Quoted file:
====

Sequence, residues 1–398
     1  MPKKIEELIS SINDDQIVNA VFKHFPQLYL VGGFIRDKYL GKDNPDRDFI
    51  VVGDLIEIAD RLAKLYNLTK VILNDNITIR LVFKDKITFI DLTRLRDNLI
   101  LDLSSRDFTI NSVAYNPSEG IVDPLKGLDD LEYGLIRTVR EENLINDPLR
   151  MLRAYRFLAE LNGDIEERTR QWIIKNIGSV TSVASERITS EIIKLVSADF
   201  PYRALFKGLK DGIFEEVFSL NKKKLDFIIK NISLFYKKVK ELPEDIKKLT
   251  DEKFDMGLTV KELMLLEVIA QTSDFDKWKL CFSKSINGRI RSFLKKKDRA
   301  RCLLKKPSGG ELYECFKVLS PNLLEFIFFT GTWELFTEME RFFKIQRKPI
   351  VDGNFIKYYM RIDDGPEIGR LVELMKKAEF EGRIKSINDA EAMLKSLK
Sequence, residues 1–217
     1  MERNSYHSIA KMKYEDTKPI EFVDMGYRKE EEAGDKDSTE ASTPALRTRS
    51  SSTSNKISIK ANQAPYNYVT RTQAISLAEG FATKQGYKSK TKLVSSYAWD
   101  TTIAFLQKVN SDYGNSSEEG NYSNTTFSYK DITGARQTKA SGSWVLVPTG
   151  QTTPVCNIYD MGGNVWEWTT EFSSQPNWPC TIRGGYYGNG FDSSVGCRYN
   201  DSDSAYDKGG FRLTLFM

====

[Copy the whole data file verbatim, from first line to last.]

Sequence, residues 1–398
     1  MPKKIEELIS SINDDQIVNA VFKHFPQLYL VGGFIRDKYL GKDNPDRDFI
    51  VVGDLIEIAD RLAKLYNLTK VILNDNITIR LVFKDKITFI DLTRLRDNLI
   101  LDLSSRDFTI NSVAYNPSEG IVDPLKGLDD LEYGLIRTVR EENLINDPLR
   151  MLRAYRFLAE LNGDIEERTR QWIIKNIGSV TSVASERITS EIIKLVSADF
   201  PYRALFKGLK DGIFEEVFSL NKKKLDFIIK NISLFYKKVK ELPEDIKKLT
   251  DEKFDMGLTV KELMLLEVIA QTSDFDKWKL CFSKSINGRI RSFLKKKDRA
   301  RCLLKKPSGG ELYECFKVLS PNLLEFIFFT GTWELFTEME RFFKIQRKPI
   351  VDGNFIKYYM RIDDGPEIGR LVELMKKAEF EGRIKSINDA EAMLKSLK
Sequence, residues 1–217
     1  MERNSYHSIA KMKYEDTKPI EFVDMGYRKE EEAGDKDSTE ASTPALRTRS
    51  SSTSNKISIK ANQAPYNYVT RTQAISLAEG FATKQGYKSK TKLVSSYAWD
   101  TTIAFLQKVN SDYGNSSEEG NYSNTTFSYK DITGARQTKA SGSWVLVPTG
   151  QTTPVCNIYD MGGNVWEWTT EFSSQPNWPC TIRGGYYGNG FDSSVGCRYN
   201  DSDSAYDKGG FRLTLFM